It may not be a perfect book, but I think it is worth reading for its ideas (and warnings). And all that aside, it's a gripping read!
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Format: Paperback
The Handmaid's Tale is set in a future America where epidemics and pesticides have made the majority of the population sterile and in the face of catastrophically declining birthrates a right wing, Old Testament fundamentalist theocracy have used this crisis as a pretext to completely reorder the social structure of America. Only a handful of women are able to have children: the so-called 'Handmaids' who form a sort of slave class and act as 'second wives' to rich and powerful men so that they can reproduce. The Handmaids are indoctrinated beforehand as part of a special religious order and much of the novel is concerned with their conditioning process. Although ostensibly a Christian dictatorship the women are 'covered up' and they live their lives under something akin to an extreme form of 'Sharia' law as outlined by, say, the Iranian Revolution or more recently, the Taliban.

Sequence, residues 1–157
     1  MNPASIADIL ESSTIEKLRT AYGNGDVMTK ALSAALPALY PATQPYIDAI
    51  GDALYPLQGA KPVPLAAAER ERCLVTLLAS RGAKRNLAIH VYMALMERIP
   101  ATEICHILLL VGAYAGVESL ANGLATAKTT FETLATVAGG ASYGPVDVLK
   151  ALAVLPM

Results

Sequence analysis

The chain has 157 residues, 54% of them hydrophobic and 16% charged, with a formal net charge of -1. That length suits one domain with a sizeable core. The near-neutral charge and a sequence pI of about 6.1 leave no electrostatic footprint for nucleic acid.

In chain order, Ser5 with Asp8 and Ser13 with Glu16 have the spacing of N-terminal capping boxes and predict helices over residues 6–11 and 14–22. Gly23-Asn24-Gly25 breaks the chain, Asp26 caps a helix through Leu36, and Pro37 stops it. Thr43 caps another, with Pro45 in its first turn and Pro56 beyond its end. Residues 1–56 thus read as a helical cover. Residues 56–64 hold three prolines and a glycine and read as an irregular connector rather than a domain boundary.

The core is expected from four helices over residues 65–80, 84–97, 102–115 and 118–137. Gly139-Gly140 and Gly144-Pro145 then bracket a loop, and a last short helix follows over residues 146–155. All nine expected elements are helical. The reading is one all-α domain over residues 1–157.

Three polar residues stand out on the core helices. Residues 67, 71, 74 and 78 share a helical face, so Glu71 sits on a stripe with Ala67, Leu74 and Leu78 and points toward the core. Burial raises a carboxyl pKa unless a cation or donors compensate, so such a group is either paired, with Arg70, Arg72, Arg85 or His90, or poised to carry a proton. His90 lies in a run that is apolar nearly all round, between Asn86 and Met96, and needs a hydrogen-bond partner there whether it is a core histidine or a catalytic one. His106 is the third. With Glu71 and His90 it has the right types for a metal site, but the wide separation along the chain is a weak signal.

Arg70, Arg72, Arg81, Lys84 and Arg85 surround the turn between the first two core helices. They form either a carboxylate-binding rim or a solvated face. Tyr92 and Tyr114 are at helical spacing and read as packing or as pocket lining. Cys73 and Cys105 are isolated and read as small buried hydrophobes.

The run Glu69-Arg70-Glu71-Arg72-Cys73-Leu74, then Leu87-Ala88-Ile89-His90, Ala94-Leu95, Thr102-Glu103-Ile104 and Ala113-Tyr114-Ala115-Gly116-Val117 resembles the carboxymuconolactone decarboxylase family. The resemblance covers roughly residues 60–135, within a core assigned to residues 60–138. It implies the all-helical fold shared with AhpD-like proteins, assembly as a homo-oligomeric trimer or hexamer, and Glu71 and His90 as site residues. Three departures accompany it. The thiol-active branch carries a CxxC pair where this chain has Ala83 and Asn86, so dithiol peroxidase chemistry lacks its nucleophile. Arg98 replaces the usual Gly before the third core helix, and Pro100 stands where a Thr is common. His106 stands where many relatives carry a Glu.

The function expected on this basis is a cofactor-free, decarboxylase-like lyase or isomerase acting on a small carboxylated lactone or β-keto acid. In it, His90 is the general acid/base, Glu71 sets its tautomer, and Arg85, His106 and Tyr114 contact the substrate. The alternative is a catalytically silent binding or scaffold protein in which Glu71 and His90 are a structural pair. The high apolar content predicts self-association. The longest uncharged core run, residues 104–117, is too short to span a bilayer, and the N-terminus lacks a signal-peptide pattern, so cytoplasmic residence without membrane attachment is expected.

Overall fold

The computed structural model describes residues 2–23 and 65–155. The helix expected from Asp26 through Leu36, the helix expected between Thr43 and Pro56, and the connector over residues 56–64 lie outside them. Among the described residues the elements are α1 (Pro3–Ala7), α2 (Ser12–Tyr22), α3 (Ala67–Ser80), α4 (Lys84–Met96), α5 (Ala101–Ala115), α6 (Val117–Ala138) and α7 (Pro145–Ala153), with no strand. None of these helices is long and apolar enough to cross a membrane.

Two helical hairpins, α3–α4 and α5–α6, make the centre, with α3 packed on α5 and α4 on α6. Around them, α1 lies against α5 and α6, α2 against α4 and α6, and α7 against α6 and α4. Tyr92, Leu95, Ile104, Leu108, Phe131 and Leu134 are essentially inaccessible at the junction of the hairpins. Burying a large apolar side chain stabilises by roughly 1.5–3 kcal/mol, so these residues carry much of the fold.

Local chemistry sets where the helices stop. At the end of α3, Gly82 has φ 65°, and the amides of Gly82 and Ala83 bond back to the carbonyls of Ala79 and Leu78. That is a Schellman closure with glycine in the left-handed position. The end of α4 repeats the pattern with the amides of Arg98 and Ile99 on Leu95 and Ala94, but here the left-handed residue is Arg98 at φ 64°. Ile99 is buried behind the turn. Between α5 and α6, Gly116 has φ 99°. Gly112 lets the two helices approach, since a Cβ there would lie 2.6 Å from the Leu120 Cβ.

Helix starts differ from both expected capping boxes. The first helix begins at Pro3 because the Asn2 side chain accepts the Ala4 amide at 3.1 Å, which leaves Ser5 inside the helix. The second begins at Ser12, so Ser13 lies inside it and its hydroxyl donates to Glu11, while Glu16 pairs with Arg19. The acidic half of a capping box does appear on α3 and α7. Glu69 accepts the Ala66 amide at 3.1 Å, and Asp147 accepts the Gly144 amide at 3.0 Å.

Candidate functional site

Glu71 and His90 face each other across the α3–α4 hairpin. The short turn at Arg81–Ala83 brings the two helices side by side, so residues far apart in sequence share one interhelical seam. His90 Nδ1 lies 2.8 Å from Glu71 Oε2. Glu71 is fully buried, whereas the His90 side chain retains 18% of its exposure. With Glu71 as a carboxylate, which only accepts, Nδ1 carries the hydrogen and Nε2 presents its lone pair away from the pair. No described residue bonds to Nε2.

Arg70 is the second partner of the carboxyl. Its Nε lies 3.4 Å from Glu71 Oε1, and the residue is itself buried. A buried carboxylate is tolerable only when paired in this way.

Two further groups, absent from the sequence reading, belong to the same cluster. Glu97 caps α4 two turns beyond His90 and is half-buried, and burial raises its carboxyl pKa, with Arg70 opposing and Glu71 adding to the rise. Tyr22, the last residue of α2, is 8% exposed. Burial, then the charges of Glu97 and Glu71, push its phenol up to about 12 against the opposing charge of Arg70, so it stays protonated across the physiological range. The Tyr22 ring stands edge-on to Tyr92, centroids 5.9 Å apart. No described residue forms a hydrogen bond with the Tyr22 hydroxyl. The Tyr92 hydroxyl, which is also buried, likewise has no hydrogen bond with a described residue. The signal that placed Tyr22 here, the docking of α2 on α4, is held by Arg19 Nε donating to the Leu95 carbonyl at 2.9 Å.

The story centres around one of these handmaids, 0ffred and her life as a potential surrogate mother to a childless couple: a high ranking commander and his wife, Serena Joy. In this future American dystopia, as set out by Margaret Atwood, sex is very tightly controlled (under pain of death) and yet in spite of this powerful disincentive Offred is drawn into a complex web of transgressive relationships that are bubbling away under the surface of this supposedly perfectly ordered society. The political vision outlined in this novel is genuinely terrifying and Margaret Atwood has shown much skill in highlighting all of the potential tensions and contradictions that would be likely to occur in such a society. However, the 'religious right' in America are a declining cultural force and I'm not sure many people today worry about a fundamentalist Christian take over of America (America has changed enormously since the book was written) but I still found it to be a very compelling read about what can happen when the wrong people are in charge.
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Format: Paperback Verified Purchase
The Handmaid's Tale by Margaret Atwood was recommended to me by a friend, and I was bowled over by the novel. I devoured it in a few days (a feat itself as I have a youngish family) and was left with that sad feeling, an almost a bereft feeling, I get when finishing a truly great novel.